More About James
There are some legends recorded about James in second century documents, in which his trial and execution are told in almost operatic form. Eusebius, one of the early church fathers, records the story as told by Hegesippus, a second-century Christian writer. I have to doubt the authenticity of this tale. It makes James out to be a man who freely wandered into the innermost sanctuary of the Temple. Since James was not a priest, this is simply impossible — he would have been prevented by the Temple guards. One point that I do believe accurate, however, is the nickname given to James. It is usually rendered “James the Just” or “James the Righteous.” Both of these are defective renderings, though. One has only to translate them back into Hebrew to see what James was actually called: “Yaakov HaTsaddik.” Tsaddik is a term meaning “righteous one,” but it signifies a rare and charismatic Jewish holy man. The term is used to this day in Hasidic circles. All sorts of legendary and miraculous powers are attributed to such men. And who knows? Maybe some of these legends are true.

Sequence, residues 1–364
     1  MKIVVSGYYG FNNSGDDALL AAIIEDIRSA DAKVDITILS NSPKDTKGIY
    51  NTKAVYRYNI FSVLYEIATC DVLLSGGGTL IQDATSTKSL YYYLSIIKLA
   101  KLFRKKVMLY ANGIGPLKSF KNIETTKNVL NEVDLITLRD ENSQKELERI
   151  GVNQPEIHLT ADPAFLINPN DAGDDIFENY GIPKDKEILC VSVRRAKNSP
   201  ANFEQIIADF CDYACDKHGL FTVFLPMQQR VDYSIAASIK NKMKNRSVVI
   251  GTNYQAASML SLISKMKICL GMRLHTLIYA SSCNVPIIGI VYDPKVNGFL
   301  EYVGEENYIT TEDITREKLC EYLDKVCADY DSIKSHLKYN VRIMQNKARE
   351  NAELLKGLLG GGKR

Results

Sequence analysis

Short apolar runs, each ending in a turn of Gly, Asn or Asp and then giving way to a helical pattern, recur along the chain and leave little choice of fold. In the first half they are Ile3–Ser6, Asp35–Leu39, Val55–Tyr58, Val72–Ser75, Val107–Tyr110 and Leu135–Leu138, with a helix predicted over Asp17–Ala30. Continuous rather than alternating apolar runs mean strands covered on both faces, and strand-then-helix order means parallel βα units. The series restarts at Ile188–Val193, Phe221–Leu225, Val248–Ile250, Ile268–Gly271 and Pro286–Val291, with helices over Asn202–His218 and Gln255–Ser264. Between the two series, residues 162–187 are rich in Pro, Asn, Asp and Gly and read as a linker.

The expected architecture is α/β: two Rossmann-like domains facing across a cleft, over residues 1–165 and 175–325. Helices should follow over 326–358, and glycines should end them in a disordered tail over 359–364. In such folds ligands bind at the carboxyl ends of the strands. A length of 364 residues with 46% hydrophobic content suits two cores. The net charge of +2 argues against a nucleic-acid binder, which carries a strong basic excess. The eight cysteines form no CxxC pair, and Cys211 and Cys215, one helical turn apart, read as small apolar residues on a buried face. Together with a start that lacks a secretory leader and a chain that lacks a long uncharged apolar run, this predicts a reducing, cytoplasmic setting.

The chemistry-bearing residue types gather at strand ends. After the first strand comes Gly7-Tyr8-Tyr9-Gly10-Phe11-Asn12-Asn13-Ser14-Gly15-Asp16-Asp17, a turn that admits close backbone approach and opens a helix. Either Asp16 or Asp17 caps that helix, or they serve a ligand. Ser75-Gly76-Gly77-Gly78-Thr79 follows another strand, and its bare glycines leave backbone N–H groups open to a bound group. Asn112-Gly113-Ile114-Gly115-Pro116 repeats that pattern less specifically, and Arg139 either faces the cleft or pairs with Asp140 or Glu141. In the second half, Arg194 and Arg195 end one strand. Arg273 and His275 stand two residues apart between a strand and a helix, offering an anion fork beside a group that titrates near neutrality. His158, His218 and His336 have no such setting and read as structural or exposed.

“James, son of Joseph, brother of Jesus” is a fascinating historical person, and he is a central character in my novel Premonition, which was published in 2003. When I started the book, I didn’t know they were going to find the ossuary. I was just looking to write an interesting sequel to my novel Transgression.